After the murder of Earl Jon Haraldsson some sixty years later, Magnus, son of Gille Brigte became the first of the Scottish earls. He may have been a descendent of Earl Rögnvald Kali Kolsson, although this has never been corroborated, and was a descendent of Earl Harald Maddadson on his mother's side. However, the line of specifically Norse earls is said to have come to an end when Earl Magnus II was granted his title by Haakon IV of Norway c. 1236.[3][14]

Name Byname Relationship to predecessor Rule commences Rule ends
Sigurd Eysteinsson Sigurðr inn riki
"the Mighty"
Brother of Rognvald Eysteinsson c. 892[15][Note 2]
Guthorm Sigurdsson Son of Sigurd Eysteinsson c. 892 c. 893[15]
Hallad Rognvaldsson Son of Rognvald Eysteinsson c. 893 c. 895
Einarr Rognvaldsson Torf-Einarr
"Turf"-Einarr
Son of Rognvald Eysteinsson c. 895[16][17] 910[3][15][18]
Arnkel Torf-Einarsson Son of Torf-Einarr Rognvaldsson 910 with Erlend and Thorfinn to 954[19][Note 3]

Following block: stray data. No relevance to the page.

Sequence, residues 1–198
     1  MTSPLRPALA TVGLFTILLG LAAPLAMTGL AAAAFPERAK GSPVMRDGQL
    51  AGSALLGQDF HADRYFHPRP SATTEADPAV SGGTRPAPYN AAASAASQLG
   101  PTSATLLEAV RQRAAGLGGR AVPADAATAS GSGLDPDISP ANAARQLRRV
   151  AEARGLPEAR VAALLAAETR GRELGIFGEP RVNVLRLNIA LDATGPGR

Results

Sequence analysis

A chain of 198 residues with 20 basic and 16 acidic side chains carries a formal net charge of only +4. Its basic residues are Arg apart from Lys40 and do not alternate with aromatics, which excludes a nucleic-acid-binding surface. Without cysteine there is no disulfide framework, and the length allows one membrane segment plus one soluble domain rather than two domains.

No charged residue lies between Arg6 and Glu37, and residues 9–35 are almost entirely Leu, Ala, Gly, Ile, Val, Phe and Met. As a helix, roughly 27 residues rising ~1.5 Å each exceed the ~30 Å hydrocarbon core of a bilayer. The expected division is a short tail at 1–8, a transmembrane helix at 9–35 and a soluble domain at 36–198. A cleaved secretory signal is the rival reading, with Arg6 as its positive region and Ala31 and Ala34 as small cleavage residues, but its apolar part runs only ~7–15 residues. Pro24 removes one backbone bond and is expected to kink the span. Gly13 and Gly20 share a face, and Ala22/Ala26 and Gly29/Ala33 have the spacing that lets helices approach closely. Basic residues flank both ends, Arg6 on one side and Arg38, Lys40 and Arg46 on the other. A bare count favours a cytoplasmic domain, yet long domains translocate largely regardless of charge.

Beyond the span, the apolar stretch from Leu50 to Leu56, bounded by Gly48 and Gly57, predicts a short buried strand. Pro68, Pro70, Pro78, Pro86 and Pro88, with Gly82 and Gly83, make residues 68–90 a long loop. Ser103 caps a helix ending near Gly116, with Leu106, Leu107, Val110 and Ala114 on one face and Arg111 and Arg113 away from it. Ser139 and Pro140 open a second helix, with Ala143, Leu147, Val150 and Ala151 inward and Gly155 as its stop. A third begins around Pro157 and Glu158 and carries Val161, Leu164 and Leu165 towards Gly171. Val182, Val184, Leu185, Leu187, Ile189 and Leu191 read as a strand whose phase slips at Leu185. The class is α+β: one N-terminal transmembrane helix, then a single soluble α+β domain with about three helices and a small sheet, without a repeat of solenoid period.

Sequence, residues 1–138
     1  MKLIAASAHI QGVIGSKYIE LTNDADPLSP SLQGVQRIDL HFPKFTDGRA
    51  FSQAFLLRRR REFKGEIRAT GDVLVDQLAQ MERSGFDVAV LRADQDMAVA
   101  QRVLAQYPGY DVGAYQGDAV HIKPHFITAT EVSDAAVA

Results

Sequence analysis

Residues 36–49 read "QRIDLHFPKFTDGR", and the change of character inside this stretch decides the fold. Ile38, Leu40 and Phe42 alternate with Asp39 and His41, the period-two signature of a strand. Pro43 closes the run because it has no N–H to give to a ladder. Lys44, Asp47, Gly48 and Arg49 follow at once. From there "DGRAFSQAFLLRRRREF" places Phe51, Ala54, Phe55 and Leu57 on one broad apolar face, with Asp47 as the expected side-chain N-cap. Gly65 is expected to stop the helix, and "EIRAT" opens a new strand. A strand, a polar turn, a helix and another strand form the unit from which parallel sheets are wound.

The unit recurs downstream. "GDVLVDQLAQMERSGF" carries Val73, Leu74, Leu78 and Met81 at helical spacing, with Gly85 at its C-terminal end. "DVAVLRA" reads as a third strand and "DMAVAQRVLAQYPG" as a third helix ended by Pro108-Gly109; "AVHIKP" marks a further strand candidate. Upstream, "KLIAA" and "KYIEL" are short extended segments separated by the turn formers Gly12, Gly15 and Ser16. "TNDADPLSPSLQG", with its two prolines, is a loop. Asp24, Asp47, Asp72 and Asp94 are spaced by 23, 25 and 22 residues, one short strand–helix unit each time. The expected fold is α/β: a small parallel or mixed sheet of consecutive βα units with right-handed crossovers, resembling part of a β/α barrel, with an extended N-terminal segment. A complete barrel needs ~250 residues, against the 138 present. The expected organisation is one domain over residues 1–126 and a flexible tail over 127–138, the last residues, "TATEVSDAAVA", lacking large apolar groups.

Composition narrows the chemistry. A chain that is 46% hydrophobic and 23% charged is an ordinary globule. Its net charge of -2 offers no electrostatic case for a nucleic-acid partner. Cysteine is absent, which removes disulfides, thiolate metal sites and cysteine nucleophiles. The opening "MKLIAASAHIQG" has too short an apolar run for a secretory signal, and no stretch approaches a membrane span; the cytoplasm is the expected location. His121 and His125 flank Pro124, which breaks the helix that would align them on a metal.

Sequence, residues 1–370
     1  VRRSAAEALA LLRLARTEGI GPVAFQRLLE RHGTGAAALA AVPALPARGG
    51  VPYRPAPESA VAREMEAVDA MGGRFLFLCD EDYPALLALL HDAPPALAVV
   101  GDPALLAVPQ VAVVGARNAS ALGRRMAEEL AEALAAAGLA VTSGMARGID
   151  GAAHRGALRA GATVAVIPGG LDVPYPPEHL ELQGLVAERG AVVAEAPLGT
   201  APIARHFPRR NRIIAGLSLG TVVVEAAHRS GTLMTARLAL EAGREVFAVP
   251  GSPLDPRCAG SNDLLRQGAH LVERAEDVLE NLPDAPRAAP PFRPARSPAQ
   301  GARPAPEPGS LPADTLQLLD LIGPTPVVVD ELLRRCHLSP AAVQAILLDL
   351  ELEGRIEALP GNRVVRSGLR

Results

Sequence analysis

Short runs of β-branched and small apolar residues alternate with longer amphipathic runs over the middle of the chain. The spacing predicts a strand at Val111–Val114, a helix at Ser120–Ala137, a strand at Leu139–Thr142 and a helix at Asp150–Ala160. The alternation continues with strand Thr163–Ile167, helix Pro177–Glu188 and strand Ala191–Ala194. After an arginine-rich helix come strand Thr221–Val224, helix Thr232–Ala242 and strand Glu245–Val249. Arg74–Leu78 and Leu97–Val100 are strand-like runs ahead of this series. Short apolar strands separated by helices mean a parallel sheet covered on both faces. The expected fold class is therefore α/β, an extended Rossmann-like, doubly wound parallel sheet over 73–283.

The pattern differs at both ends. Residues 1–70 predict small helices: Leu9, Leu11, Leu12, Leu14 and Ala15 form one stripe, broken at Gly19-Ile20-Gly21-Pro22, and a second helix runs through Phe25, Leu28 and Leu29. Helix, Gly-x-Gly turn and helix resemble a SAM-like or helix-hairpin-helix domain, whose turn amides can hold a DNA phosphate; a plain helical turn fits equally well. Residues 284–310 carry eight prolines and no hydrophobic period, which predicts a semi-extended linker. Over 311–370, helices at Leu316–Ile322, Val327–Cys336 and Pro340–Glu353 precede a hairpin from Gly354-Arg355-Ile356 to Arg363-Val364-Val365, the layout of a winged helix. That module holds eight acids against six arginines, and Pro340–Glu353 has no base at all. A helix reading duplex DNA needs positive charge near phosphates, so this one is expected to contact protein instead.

Erlend Torf-Einarsson Son of Torf-Einarr Rognvaldsson 910 with Arnkel and Thorfinn to 954[19][20]
Thorfinn Torf-Einarsson Þorfinnr hausakljúfr
"Skull-splitter"
Son of Torf-Einarr Rognvaldsson 910 with Erlend and Arnkel to 954[19]

alone 954–963[15][Note 4]

Arnfinn Thorfinnsson Son of Thorfinn Torf-Einarsson 963
Havard Thorfinnsson Hávarðr inn ársæli
"Harvest-happy"
Son of Thorfinn Torf-Einarsson On Arnfinn's death
Ljot Thorfinnsson Son of Thorfinn Torf-Einarsson On Havard's death c. 980[Note 5]
Hlodvir Thorfinnsson Son of Thorfinn Torf-Einarsson c. 980 991[23][Note 6]
Sigurd Hlodvirsson Sigurðr digri
"the Stout"
Son of Hlodvir Thorfinnsson 991 1014[24]